Viola Davis, Ava DuVernay and More Change-Makers We Love Make TIME's 100 Most Influential People List

This year's list is filled with so much #BlackExcellence. 

TIME’s 100 Most Influential People debuted and this year’s roster, per usual, is filled with amazing individuals who have made a significant impact on the world.

Names that come as no surprise include NBA champion LeBron James, director Ava DuVernay, singer John Legend, and actress Viola Davis. But a few of the names are up-and-coming talent we can only expect more greatness from.

In a slight twist from the norm, TIME tapped individuals the honorees admire to write their profiles.

“He makes music from an unapologetically inspiring and Christian perspective—music that transcends age, race and gender,” Common said about TIME 100 honoree, Chance the Rapper. “He gives back to his Chicago community. And he does it all as an independent artist, without the support of a label. I’m glad Chance followed his dreams. I hope he always does.”

The Grammy award-winning singer joins the ranks of Donald Glover and Barry Jenkins, who all have redefined paradigms of Black masculinity in pop culture. 

“I always keep up with gymnastics because I love the Olympics,” says fellow TIME 100 honoree Leslie Jones about Simone Biles. “But what struck me when I first saw Simone in Rio was how perfect she was at everything. That girl was born to do what she does.”

Oprah Winfrey wrote a glowing profile for honoree Colson Whitehead, Pulitzer Prize winning author of the prolific novel “The Underground Railroad.”

“Colson has a vision about what it means to make art,” she says. “He didn’t just write a historical novel about slavery and courage and the beating heart of freedom. Although the struggle continues and our challenges are not behind us, the brilliance of his vision is that he reminds us that, like his heroine Cora, we can never give up hope, can never stop trying.”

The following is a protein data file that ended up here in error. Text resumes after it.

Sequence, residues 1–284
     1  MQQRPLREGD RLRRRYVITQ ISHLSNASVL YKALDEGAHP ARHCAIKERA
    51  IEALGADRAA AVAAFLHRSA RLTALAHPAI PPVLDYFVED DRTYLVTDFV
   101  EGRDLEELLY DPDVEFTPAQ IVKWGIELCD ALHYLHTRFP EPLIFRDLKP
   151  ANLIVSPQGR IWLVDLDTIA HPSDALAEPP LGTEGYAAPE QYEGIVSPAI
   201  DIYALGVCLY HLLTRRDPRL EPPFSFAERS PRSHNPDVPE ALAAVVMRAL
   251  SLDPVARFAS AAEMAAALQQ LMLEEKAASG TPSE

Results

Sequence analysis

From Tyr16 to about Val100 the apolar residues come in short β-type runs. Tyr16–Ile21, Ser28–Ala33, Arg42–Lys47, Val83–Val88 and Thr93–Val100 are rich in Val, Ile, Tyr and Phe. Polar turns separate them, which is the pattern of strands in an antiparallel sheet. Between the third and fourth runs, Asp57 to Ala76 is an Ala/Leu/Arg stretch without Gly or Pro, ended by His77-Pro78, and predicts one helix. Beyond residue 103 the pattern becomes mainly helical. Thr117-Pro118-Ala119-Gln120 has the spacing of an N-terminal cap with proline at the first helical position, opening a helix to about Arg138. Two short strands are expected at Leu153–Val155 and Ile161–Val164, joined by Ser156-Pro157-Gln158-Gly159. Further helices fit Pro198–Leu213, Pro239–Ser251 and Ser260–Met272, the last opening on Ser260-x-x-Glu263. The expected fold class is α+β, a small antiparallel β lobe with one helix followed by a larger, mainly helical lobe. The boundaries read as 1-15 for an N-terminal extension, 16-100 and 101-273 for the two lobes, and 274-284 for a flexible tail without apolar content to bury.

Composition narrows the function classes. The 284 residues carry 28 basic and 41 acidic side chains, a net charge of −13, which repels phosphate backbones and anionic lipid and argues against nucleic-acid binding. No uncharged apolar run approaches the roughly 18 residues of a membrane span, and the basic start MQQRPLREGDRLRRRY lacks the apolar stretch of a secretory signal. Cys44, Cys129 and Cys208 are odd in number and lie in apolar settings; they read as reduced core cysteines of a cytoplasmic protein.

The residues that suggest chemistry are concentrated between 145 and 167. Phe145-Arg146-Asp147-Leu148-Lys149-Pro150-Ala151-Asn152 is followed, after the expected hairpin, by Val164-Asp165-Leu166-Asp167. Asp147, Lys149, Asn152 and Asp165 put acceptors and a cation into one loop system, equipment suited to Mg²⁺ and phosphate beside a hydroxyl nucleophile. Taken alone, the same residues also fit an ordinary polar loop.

In addition to the aforementioned greats, Jordan Peele, the co-chairs of the Women’s March on Washington, Alicia Keys, Colin Kaepernick, RuPaul and David Adjaye were also honored.

Read all of their TIME 100 Most Influential People profiles and more, right here

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To me, being woke means that you recognize that the world is not a simple place, that everything is not all equal, that justice has not happened yet for everyone. And that there's a lot of work to be done. [MUSIC] Your eyes are wide open and you're paying attention. And you're reaching out, and speaking to people along the way, and bringing them on. To increase the amount of wokeness in your community. Being woke is like eyes wide open, everything is clear. You can always see things that other people can just ignore or they just don't know. Woke for me is just being outraged all the time and being able to stay human and feel outraged about injustice that is happening around me. It's being uncomfortable all the time. And making sure that I'm speaking on behalf of those that can't speak out for themselves. Some people know what's happening around them, but they are not doing anything. Right. They're just like, well, it is what it is. Yeah. That's not what woke means, that you actually Take it upon yourself to be like, this is something I need to fix. I need to be part of the solution. And the other thing is, to do that knowing that you can fix it, whatever your level of platform is, there's always an opportunity for you to do just a little something to support them. I also think about what words actually mean, and how we give them power, right? Are you just going to wear it across your chest, but actually not live it out, or are you going to give this word a meaning with your actions? With your daily commitment. And I think in order for us to really progress, we're gonna need people to really step out of their comfort zones, and have those uncomfortable conversations, and not just live in a space where they get to preach to people who already understand what it means. Couldn't agree more. I think to be woke means that you are aware of the issues and the world around [MUSIC] [UNKNOWN] I believe it means that you are engaged in the work of justice. This is a time where we just, we can't afford to be asleep. We have to be all the way alert. Without action on the knowledge that we have now, our world will never change. And we need that more than ever. [MUSIC]